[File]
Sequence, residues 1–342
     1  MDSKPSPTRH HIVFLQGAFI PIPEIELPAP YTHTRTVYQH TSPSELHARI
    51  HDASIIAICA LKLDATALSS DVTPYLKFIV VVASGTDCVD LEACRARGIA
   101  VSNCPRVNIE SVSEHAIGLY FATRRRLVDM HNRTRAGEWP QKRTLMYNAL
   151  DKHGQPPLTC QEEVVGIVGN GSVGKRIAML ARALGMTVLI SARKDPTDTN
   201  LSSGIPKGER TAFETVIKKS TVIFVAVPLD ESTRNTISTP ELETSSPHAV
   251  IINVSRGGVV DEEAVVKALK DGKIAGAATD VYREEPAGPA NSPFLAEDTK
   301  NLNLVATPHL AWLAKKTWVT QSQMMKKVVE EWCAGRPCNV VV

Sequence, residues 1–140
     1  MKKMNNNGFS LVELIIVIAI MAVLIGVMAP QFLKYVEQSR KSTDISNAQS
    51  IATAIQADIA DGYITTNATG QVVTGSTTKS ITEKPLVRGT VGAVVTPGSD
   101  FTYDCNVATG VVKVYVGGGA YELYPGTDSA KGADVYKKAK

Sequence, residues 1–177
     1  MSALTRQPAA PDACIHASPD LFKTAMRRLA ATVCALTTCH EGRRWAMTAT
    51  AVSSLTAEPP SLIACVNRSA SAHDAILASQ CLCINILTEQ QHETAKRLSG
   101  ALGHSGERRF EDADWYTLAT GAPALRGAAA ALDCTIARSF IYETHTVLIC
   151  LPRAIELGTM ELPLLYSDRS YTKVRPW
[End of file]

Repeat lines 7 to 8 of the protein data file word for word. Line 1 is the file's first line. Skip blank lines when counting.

   251  IINVSRGGVV DEEAVVKALK DGKIAGAATD VYREEPAGPA NSPFLAEDTK
   301  NLNLVATPHL AWLAKKTWVT QSQMMKKVVE EWCAGRPCNV VV